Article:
No place for Assad in any future Syrian government: Tillerson

Press TV – US Secretary of State Rex Tillerson says there is no place for Syrian President Bashar al-Assad in any future government for the Arab country.

Tillerson made the remarks on Tuesday as foreign ministers from the Group of Seven (G7) countries held meetings in Italy on Monday and Tuesday for a diplomatic push to resolve the six-year-old Syrian crisis which was created by the US and its allies.

“Our hope is Bashar al-Assad will not be part of that future,” Tillerson stated.

“The United States’ priority in Syria and Iraq remains the defeat of ISIS,” he added, using an alternative acronym for the Daesh (ISIL) terrorist group.

“As events shift, the United States will continue to evaluate its strategic options and opportunities to de-escalate violence across Syria,” he continued.

Tillerson is due to travel to Moscow later on Tuesday at the end of the two-day meetings in the Italian city of Lucca with his Italian, German, French, British, Japanese and Canadian counterparts.

From left : EU High Representative for Foreign Affairs and Security Policy Federica Mogherini, Canadian Foreign Minister Chrystia Freeland, French Foreign Minister Jean-Marc Ayrault, Italy Foreign Minister Angelino Alfano, Japanese Foreign Minister Fumio Kishida, German Foreign Minister Sigmar Gabriel, US Secretary of State Rex Tillerson and British Foreign Secretary Boris Johnson sit at a table on the second day of a meeting of Foreign Affairs Ministers from the Group of Seven (G7) industrialized countries on April 11, 2017 in Lucca, Tuscany. (Photo by AFP)

Since March 2011, the United States and its regional allies, in particular Saudi Arabia, Qatar and Turkey, have been conducting a proxy war against the Syrian people and government.

The years-long conflict has left more than 470,000 Syrians dead and half of the country’s population of about 23 million displaced within or beyond the Arab country’s borders.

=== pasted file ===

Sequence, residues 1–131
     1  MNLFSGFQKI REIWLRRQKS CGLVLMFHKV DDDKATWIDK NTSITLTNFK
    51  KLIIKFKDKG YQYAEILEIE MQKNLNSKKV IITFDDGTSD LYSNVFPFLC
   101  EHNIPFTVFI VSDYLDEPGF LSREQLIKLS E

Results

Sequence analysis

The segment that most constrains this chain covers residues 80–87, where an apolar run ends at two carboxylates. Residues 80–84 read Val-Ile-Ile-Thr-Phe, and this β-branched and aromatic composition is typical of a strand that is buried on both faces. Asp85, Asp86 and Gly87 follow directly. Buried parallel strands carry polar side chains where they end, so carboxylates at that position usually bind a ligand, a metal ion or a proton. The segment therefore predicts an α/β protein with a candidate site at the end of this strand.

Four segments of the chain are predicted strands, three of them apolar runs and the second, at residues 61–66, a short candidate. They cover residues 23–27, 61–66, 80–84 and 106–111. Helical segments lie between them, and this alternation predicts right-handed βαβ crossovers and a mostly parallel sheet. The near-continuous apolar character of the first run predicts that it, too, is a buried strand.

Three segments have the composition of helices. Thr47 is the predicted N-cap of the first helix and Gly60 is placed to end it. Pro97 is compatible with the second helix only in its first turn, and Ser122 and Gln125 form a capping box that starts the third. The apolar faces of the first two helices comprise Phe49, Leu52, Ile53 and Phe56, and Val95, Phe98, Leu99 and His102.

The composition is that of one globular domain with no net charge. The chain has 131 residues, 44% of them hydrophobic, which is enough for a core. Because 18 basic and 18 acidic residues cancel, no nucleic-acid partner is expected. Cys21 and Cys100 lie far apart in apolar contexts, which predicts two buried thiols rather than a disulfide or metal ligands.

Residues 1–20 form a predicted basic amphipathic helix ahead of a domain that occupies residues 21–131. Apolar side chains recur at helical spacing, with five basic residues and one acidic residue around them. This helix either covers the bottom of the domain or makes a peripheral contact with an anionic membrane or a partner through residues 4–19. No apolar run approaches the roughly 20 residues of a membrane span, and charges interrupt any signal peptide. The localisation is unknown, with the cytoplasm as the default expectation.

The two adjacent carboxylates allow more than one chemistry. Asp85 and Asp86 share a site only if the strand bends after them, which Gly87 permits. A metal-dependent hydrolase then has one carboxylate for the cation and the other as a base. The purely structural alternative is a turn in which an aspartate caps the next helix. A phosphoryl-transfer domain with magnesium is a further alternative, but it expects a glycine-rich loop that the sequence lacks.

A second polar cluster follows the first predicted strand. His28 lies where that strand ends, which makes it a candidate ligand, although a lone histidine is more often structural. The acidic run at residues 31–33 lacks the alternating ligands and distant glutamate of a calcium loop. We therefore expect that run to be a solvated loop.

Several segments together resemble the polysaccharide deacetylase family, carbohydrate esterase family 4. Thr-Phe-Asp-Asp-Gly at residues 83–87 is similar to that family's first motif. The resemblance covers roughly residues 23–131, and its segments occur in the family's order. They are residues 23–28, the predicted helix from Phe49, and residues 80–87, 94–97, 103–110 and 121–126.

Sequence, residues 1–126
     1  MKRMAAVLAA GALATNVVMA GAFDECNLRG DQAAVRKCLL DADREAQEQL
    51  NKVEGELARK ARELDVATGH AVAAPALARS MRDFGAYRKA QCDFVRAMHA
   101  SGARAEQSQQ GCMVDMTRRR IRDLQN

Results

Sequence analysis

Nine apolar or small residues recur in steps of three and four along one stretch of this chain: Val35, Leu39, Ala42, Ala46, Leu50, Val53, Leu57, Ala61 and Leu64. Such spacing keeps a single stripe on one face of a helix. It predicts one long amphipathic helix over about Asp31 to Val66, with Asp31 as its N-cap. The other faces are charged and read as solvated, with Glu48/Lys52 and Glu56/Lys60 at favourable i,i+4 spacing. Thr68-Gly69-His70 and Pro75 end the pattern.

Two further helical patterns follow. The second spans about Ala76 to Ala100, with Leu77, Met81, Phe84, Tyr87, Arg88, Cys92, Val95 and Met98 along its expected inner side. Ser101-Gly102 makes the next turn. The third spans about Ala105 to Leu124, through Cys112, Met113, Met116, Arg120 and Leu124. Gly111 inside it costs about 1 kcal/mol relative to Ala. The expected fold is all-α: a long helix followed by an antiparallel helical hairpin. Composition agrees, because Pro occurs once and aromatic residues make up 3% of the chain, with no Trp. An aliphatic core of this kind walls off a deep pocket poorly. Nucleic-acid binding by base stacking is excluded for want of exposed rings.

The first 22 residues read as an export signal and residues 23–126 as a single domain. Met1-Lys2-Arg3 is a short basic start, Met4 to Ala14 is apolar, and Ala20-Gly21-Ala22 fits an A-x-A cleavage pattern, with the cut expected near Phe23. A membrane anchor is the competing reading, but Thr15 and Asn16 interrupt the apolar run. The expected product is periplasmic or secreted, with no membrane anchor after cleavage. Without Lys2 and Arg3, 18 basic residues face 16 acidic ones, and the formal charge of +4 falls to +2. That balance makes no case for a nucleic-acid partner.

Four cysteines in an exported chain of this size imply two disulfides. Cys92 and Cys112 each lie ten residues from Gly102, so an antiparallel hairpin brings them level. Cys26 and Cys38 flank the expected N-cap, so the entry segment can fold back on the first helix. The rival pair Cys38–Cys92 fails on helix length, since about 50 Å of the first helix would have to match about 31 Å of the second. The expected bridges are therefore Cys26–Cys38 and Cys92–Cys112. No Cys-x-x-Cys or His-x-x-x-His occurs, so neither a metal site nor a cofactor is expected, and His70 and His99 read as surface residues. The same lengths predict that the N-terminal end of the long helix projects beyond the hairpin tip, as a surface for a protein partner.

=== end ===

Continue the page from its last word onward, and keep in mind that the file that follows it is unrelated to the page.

In September 2014, the US and some of its allies started conducting airstrikes inside Syria against Daesh terrorists. However, observers say the attacks did little damage to the terrorists; rather, they targeted the country’s infrastructure.

In September 2015, Russia launched its own air offensive against the terrorists who were still wreaking havoc in Syria. The Russian campaign, analysts say, has broken the backbone of Daesh and other Takfiri militants, and has strengthened the Assad government’s fight against terrorism.

In recent months, the Syrian army, backed by the Russian air power, has been making major gains against Takfiri terrorist groups, recapturing several strategic areas from their grip, particularly in the strategic northern province of Aleppo.

But then this month the US military decided to target the Syrian military directly. It fired 59 Tomahawk missiles at al-Shayrat airbase in Homs province in western Syria on April 7.

This satellite photo courtesy of the US Department of Defense shows a battle damage assessment image of Shayrat Airfield, Syria, following US Tomahawk Land Attack Missile strikes on April 7, 2017 from the USS Ross (DDG 71) and USS Porter (DDG 78), Arleigh Burke-classguided-missile destroyers. (Photo by AFP)

US President Donald Trump said he had ordered the strike in response to the April 4 chemical attack in the Arab country that he blamed on the Syrian government.

The US military claimed the airfield targeted was used to store chemical weapons and Syrian aircraft. This is while Damascus volunteered to destroy its chemical stockpile in 2014 following an agreement which was brokered by the US and Russia in 2013.

Tillerson again accused Moscow of failing to enforce the 2013 deal meant to get Syria rid of its chemical arsenal.

He said that Russia had “failed to uphold the agreements that… stipulated Russia, as the guarantor of a Syria free of chemical weapons, would locate, secure, and destroy all such armaments in Syri.”

The top US diplomat said it was “unclear whether Russia failed to take this obligation seriously” or had “been simply incompetent.”

On Sunday, Tillerson also said the April 4 chemical incident happened because of Russia’s failure “to achieve its commitment to the international community.”